My hands tremble as I type this – it is strange how emotions churned out through words, can have the most unexpected effects on an unassuming you at times. I am miles away from a place I call home. I am eons of years away it seems from a mad frenzy they call Durga Pujo. A downloaded clip from the internet plays “dhaak” (the same folder stores another snippet to which my day dawned to Mahalaya this year), I light an incense stick (whose pack inscription promises “original dhuno smell”) – I put it off in less than a minute. So much so for creating a perfect Pujo atmosphere, I chide my incense aversive self!

This is not the pujo atmosphere I grew up in. However, strangely the pujo atmosphere now around in Kolkata is just unknown. It should unnerve me, the latter, but strangely it comforts me. The change somewhere soothes me in my grandmother’s voice, that the Durga Pujo I remembered is indeed today just like the fairy tale, as it would appear to my daughter a few decades down the line.

I remember the last time I visited home, I had a heated argument with Baba over the spending that surround the autumn frenzy. I remember we brought up theories of employment generation, capitalism, liberalisation and ultimately it ended the way all arguments ends, with both of us running out of rebuttals and we moving to discuss the fate of the society over a round of drinks. The feeling of angst and irk however doesn’t leave me, even long after I have that conversation, in fact it never leaves me, when it comes to pujos.

The old lady taught me that religion lay in the purity of heart, in the midas touch that could convert even the most frugal offerings invaluable, in those prayers that should come to you naturally and not by merely repeating what the pujari asks you to in front of the deity. Today, however it all appears just a glistening box with nothing inside. The craving to put up a show over-rides the true effects, in my generation and in my opinion.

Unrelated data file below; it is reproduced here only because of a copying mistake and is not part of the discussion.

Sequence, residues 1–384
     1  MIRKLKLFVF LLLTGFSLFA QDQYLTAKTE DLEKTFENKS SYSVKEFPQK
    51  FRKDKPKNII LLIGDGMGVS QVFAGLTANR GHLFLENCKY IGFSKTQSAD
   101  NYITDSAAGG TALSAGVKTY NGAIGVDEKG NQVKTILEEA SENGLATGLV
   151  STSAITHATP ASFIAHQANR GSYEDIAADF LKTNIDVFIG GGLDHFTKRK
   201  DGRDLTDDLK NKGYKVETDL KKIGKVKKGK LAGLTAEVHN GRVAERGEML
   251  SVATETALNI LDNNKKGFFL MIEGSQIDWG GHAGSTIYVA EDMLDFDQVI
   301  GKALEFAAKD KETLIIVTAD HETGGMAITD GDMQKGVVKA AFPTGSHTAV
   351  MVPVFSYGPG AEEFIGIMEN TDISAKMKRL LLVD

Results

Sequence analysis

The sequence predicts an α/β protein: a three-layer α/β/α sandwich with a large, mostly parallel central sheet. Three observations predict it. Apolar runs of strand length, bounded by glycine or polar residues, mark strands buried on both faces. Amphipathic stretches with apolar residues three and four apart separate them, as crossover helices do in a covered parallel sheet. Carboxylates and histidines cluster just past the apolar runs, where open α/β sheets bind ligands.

Why is it today that this season has come to be the true depiction of sham? The girls who adorn sarees during the Ashtami anjali refuse to wear them to office, because it is surprisingly not formal? To my mind, there’s no more formal an attire. than those five and half yards of cloth! Why is it today that the hands that never fold before the deity that is housed in our homes, have special provisions for those 5 days, when being pious is almost like a cult symbol? Why is it that those very minds who shall argue and debate over the fate of the nation, curse governments for the jobs not done and the vote banks that are bought out, never for once refuse to participate in the mad spending that surrounds the affair? Why is it that a father who considers alcohol to be un-pious graciously accepts sponsorships when it comes to pujos and allows his toddler son to read out the brand captions that surround the apartment complex?

How many of us tell our next generation the story behind Durga Pujo in greater depths than merely that it was the win of good over evil? How many of us stop to stare at the wisps of the cotton flowers that still boder a few Kolkata streets or goad our kids to step out on an early autumn dawn to collect shiuli for the pujo, because it has a connect?

I somewhere feel I was brought by in a fairy tale land, by a grandmother whose education was too good to be true. I stand proud to be someone who knows her alcohol and yet knows her exact rituals when it comes to pujos. I stand proud to be someone, who despite of not having any formal education in her own mother tongue (why do you think this piece is in a foreign language!), has been raised by a mother and father who encouraged me to discover my roots. I search today, for parents who take their kids aside and embark on a troupe to visit the best of the pandals around the city, forgetting their own fun and frolic? Those very ones, that have a history that should be passed on and not where spending is maxed by sponsors. Well mine did, and am glad I have a piece of that fairy tale Durga Pujo, tucked in safe in my memory. (In case yours did too or you do the same, take a bow!)

Every year I offer just one prayer to Ma, that you must be bombarded with requests of well being, prosperity, affluence, good health, for me just save one little thing – the power to be a parent like my own (combined!) so that I can save the fairy tales I lived, especially this one that is all about your home coming, Ma.

Hope you had a good one this year! 🙂

P.S: This appeared in print in this year at Kolkata, for one of the leading publications dedicated to Durga Puja 2012